Proof of Stake

Proof of stake is the consensus algorithm used by cryptocurrencies to validate blocks.
If a set of potential validators was made up of Adam, who is holding 40 tokens, Fil with 30, Tomek with 20 and Daniel with 10, there will be a 40% chance of Adam being chosen to validate the block and Daniel 10%, with Tomek and Fil on 20% and 30% respectively.

The big vulnerability of Proof of Stake, is the fact that the same size stake may be valued differently by different actors.
For example, take Alice, an early adopter of the blockchain technology with a massive portfolio of digital assets, and Bob, a newbie who is just exploring the emerging token economy. Let’s say they both hold the same stake in a hypothetical network, Elixirium, 1,000 ELX each. In isolation, we could assume that Alice and Bob are equally interested in Elixirium’s success. We cannot be as confident, however, when we take their other holdings into consideration. If 1,000 ELX is only 1% of Alice’s total wealth, while for Bob it represents nearly 50%, their incentives are tough to compare. Alice might care about Elixirium much less than Bob does, even though they have the same stake. Consequently, her desire to act in the interest of the network might also not be as strong as Bob’s.

Proof of Authority: consensus model with Identity at Stake.

Proof of Authority, an alternative consensus mechanism in which the nodes validating blocks are the ones explicitly allowed to do so.
Staking identity means voluntarily disclosing who you are in exchange for the right to validate the blocks. This means that the benefits you derive from it are public and so are the nefarious actions you might undertake. Identity placed at stake can serve as a great equalizer, understood and valued the same by all actors. Individuals whose identity (and reputation by extension) is at stake for the securing of a network are incentivized to preserve the network.

For the concept to work in real, live settings, a few conditions need to be satisfied:

Identity must be true: meaning there needs to be a standard and robust process of verifying that validators are indeed who they claim they are.

Eligibility for staking identity should be difficult to obtain: so that the right to be a validator becomes earned, valued, and unpleasant to lose.

The procedure of establishing the authority needs to be the same for all validators: to ensure that the network understands the process and can trust its integrity.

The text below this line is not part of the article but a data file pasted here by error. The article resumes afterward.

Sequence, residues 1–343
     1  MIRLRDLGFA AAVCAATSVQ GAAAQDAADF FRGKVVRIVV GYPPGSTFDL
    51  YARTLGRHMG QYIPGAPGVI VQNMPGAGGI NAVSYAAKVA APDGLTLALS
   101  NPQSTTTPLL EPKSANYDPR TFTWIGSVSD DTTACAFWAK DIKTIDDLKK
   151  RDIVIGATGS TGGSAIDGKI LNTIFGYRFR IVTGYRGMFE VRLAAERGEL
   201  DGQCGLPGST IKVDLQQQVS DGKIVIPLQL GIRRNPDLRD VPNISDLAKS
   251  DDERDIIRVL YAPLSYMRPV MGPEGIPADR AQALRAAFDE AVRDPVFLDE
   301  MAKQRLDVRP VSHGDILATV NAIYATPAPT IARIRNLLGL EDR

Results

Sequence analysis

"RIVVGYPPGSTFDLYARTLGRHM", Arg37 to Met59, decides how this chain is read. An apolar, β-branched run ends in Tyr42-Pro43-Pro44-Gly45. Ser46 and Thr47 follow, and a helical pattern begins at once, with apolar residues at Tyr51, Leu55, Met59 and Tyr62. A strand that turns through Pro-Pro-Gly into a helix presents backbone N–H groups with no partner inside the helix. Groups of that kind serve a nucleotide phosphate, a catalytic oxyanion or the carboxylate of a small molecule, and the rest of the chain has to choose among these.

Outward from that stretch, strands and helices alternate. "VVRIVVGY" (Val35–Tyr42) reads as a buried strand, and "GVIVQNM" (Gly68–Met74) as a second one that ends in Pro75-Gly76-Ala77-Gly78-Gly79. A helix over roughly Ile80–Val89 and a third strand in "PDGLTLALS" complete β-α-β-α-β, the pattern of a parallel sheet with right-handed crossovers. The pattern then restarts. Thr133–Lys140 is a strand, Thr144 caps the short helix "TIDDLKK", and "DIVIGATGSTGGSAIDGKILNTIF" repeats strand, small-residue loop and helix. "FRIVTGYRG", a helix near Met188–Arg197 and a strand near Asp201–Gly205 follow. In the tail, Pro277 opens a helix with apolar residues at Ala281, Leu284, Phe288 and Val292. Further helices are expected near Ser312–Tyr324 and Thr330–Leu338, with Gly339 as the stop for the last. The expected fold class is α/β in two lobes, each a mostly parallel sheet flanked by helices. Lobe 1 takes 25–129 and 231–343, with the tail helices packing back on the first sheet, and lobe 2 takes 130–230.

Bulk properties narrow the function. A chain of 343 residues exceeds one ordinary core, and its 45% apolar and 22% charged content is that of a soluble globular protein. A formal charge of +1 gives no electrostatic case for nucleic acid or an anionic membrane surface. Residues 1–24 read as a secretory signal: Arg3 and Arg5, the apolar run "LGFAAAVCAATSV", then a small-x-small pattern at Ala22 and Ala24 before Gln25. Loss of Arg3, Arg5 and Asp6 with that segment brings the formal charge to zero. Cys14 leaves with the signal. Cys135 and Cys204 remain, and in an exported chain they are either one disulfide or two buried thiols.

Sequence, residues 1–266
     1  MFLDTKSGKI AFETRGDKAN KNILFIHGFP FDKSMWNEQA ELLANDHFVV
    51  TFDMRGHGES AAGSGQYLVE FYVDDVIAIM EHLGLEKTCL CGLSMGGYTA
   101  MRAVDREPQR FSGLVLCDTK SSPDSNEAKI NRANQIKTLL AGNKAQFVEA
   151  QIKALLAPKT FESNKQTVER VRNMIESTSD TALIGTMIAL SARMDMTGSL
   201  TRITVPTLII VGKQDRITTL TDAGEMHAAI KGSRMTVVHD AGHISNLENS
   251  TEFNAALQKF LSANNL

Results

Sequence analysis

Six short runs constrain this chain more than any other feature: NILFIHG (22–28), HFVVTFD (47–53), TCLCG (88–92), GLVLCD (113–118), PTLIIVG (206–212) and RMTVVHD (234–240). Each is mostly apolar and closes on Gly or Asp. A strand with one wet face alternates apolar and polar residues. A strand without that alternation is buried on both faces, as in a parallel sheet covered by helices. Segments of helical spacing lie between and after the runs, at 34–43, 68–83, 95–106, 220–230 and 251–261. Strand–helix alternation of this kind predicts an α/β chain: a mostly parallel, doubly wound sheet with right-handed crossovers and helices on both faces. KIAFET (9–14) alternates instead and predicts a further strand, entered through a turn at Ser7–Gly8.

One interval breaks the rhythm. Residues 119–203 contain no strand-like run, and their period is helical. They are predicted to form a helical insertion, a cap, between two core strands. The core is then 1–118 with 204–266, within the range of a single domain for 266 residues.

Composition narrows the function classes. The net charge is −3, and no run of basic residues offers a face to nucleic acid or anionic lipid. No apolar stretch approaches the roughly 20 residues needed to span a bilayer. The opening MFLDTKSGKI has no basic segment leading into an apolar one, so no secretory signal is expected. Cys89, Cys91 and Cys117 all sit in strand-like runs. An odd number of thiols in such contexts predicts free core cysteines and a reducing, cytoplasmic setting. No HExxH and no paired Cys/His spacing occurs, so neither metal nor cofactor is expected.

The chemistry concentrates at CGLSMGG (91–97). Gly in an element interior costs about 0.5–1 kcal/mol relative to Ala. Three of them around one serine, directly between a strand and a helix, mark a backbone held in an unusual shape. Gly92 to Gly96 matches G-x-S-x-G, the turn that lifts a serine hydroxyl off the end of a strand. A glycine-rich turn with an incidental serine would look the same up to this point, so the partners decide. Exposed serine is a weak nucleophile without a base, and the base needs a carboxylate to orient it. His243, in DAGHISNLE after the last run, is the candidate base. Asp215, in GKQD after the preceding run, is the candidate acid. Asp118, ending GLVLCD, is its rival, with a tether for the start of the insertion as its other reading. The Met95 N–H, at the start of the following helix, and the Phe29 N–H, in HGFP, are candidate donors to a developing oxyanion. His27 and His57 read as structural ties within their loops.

The Ethereum Virtual Machine

The Ethereum Virtual Machine or EVM is the runtime environment for smart contracts in Ethereum. It is not only sandboxed but actually completely isolated, which means that code running inside the EVM has no access to network, filesystem or other processes. Smart contracts even have limited access to other smart contracts.

Accounts

There are two kinds of accounts in Ethereum which share the same address space: External accounts that are controlled by public-private key pairs (i.e. humans) and contract accounts which are controlled by the code stored together with the account.
The address of an external account is determined from the public key while the address of a contract is determined at the time the contract is created (it is derived from the creator address and the number of transactions sent from that address, the so-called “nonce”).

Transactions

A transaction is a message that is sent from one account to another account (which might be the same or empty, see below). It can include binary data (which is called “payload”) and Ether.If the target account contains code, that code is executed and the payload is provided as input data.

Smart Contracts

Example:

Gas

Upon creation, each transaction is charged with a certain amount of gas, whose purpose is to limit the amount of work that is needed to execute the transaction and to pay for this execution at the same time. While the EVM executes the transaction, the gas is gradually depleted according to specific rules.The gas price is a value set by the creator of the transaction, who has to pay gas_price * gas up front from the sending account. If some gas is left after the execution, it is refunded to the creator in the same way.

Message Calls